table of Contents

Introduction Parameter range of anonymous method Delegated example


Prior to c#2.0,We create the only form of delegation-the naming method.

And c#2.0-the introduction of anonymous methods,In versions ≥ c#3.0,We will replace anonymous methods with lambda expressions,And using lambda expressions as the preferred way to write inline code,Because it's more concise.

The anonymous method is,As the name suggests,Anonymous methods are methods without a name.The most obvious benefit of anonymous methods is:it can reduce the workload of writing another method;Another benefit is that you can directly access the caller's variables,Thereby reducing the complexity of passing parameters.

Anonymous method,It is not a predefined method,Instead, use a delegated code block,In use,It is not different from the ordinary method,But anonymous methods can reduce system overhead to a certain extent.

Anonymous method,Keywords:delegate.

Anonymous method,Use scenario:Usually, ① a temporary method is needed,And this method is used very few times;② The code of this method is very short.not long.

[Note] There is a situation,Anonymous methods which provide features not available in lambda expressions. That is, you can use an anonymous method to ignore the parameter list. This means that anonymous methods can be transformed into delegates with various signatures,And for lambda expressions,It's almost impossible.

To pass a code block as a delegate parameter,Using anonymous methods is currently the only way.

Example one:

 //create a click event
  button1.click +=delegate (object o, eventargs e)
       {messagebox.show ("click!");};

Example two:

//Create a delegate.
 delegate void mydel (int x);
 //use anonymous method and instantiate delegate
 mydel del=delegate (int k) {/* ... * /};

Using anonymous methods,Since there is no need to create a separate method,This reduces the coding overhead required by the two example instantiated delegates.

For example, if the overhead required to create a method is not necessary,It is useful to specify code blocks instead of delegates.

I am going through an example here,How to create and start a new thread as an anonymous method:

//New thread start example
Void start ()
  thread thread=new thread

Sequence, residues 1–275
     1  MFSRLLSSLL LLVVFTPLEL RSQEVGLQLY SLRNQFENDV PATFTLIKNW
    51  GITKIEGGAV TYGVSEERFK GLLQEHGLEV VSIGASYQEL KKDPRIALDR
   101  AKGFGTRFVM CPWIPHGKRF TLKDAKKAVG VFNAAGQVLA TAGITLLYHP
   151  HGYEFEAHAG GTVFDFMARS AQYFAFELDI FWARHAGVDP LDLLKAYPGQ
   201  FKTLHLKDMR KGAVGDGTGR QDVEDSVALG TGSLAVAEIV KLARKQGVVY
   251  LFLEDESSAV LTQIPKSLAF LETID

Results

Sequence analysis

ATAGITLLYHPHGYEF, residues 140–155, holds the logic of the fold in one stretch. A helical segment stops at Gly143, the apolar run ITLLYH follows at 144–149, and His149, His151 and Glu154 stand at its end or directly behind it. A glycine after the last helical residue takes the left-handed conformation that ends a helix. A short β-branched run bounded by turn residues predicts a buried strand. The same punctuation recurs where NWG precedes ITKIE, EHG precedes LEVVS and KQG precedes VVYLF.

(delegate ()
     write ("hello,");
     writeline ("fanguzai!");
     //start up
  thread.start ();

Parameter range of anonymous method

Scope of anonymous method parameters:anonymous method block.

If the target is outside the block,The keyword you use inside an anonymous block-a jump keyword (like goto/break/continue)-is wrong;If the target is inside a block,The keyword you use outside of an anonymous block-like goto/break/continue-is also wrong.

If the scope of local variables and parameters already contains anonymous method declarations,The local variable and parameter will then be called the "external" (outside) variable of the anonymous method. You see, num in this snippet is an external (external) variable:

 int num=250;
  mydel del=delegate () {writeline ("#:{0}", --num);};

The referenced num of this external variable will be considered to be captured when the delegate is created,It's different from our common local variables,The lifetime of this external variable-the delegate object that references the anonymous method is reclaimed by .net's clr garbage collection mechanism.

[Note] Anonymous methods cannot access parameters in the external (external) scope with the ref and out keywords.

[Note] Unsafe code cannot be accessed in anonymous blocks.

[Note] To the left of the is operator,There is no need for anonymous methods.

Delegated example

The following example,When calling the delegate using both anonymous and named methods:

//declare delegate
 delegate void mydel (string s);
 class myclass
  static void main ()
   //instantiate delegate using anonymous method
   mydel p=delegate (string msg)
    console.writeline (msg);
   //call directly
   p ("Use an anonymous method to call the delegate.
   //Shorten the above form again
   console.writeline ("short form above");
   //Delegate instantiation of a static method using "do".
   p=new mydel (myclass.do);
   //call delegate using old style
   p ("Use a named method to call the delegate.
   console.read ();
  //used for delegate calls later
  static void do (string msg)
   console.writeline (msg);
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